When one looks upon Gross's recent single paintings, one becomes aware of the doppelganger, the counterpart or companion piece that is not readily visible to the viewer. Haunting the presence of the so-called original painting, the doppelganger is a ghostly double that has left its imprint upon the surface of each composition. It has literally created depth, for the pitted regions of paintings such as Ballentine or Belzer have resulted because the doppelganger canvas has torn away the top layers of paint. The effect of these surfaces reminds one of the heavily worked canvases by Polish émigré artist Wlodzimierz Ksiazek. But if Ksiazek's canvases have architectural and archaeological undertones, Gross's are more abstract. The pocked surfaces have an other-worldly texture, igniting cosmic associations. Gross's palette, his predilection for using bold blues, glowing greens, and hot reds, suggests the glimmer of far-off planets. This celestial quality of Gross's recent compositions harkens back to the skyscapes of Augustus Vincent Tack, or triggers reference to the paint-laden fields of the French artist Eugene LeRoy or the atmospheric encrustations of Milton Resnick.

 

Abstract painting elicits comparison to forebears and contemporaries because its content is so remote, at times inscrutable. Gross himself, in a recent note, circumscribed his project in characteristically broad terms: "After all, painting for me now is mostly about randomness, beauty, scale and presence." These terms seem wondrously fluid and open-ripe for further elaboration. Gross, a German artist who is based in New York, crosses the Atlantic with ease, absorbing influences, refracting his European roots and his American experience. His innovative technique, of pressing together two resistant mediums, is an apt material embodiment of his dual cultural heritage. By integrating oil- and water-based pigments, Gross is synthesizing visual resolutions to his journey. When he uses words like "randomness, beauty, scale and presence" he may be invoking Sigmar Polke, the reigning master of mercurial processes and grandiloquent painterly experimentation from Gross's native city of Cologne. Or, he may be thinking of Clyfford Still, an arch reference for painterly and conceptual reasons. Such figures indeed furnish a profile for Rainer Gross's doppelgangers-paintings that declare their presence by virtue of an other.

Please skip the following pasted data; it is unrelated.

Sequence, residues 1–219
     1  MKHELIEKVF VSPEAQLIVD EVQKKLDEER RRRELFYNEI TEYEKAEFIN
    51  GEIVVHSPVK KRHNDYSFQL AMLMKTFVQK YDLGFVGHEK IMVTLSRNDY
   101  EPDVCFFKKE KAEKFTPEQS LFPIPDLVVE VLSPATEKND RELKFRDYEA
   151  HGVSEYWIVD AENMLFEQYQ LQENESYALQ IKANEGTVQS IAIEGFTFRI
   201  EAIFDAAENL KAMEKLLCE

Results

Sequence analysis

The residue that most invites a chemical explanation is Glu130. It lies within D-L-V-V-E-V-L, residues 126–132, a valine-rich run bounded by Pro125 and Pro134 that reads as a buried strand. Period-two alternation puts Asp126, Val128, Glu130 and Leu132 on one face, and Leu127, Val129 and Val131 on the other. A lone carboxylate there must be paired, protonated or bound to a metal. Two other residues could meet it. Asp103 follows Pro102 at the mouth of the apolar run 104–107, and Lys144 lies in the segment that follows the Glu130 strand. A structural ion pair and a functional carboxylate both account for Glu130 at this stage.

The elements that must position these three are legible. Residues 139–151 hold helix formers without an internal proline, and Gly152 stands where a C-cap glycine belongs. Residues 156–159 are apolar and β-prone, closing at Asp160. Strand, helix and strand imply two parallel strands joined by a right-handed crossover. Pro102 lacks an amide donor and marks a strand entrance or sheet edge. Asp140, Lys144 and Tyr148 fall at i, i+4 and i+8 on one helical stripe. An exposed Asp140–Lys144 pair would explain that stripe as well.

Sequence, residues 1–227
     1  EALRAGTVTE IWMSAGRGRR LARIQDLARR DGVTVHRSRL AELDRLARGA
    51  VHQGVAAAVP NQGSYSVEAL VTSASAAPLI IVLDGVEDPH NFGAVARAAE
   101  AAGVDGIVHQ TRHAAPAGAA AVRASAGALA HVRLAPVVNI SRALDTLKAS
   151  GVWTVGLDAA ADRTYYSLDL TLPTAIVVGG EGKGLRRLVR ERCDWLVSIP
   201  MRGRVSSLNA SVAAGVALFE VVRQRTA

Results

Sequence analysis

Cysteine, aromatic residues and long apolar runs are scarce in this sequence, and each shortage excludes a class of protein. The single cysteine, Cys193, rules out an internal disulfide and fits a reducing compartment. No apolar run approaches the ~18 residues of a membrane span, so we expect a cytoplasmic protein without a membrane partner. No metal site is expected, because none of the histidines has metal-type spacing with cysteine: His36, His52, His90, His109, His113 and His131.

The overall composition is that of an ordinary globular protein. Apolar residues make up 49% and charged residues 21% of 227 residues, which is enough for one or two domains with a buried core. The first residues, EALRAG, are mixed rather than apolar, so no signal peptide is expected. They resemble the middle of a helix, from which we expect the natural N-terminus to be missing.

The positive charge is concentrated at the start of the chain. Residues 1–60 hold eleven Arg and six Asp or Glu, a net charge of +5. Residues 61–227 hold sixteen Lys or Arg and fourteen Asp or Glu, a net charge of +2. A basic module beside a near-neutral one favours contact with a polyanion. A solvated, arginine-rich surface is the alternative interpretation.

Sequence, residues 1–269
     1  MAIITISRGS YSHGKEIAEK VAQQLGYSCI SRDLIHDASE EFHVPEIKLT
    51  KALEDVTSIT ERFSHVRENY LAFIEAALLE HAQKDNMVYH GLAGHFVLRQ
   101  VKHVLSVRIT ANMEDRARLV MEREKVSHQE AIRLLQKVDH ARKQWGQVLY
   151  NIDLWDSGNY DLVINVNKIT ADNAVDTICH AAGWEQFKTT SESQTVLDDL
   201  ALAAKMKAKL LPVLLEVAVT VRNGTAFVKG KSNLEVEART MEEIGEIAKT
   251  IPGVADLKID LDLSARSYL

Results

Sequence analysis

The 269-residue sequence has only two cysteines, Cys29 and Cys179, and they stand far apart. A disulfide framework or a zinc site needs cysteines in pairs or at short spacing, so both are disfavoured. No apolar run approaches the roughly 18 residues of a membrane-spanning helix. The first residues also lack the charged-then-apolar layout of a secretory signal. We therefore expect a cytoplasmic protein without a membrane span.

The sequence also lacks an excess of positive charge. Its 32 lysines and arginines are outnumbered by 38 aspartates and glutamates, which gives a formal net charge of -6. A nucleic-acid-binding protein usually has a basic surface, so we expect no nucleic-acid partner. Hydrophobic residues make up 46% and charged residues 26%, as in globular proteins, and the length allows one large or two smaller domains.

David Moos is

Curator of Modern and Contemporary Art

Art Gallery of Toronto

Doppelgänger, Contact Paintings, Singles and Twins 1996 - 2003
Published by Weidle publishing, 2003, 96 pages (in full color), essay by David Moos, ISBN 3-931135-71-3
Exhibition catalog for Leopoldt Hoesch Museum Dueren, Museum Muelheim/Ruhr, Kunsthaus im Park, Viersen,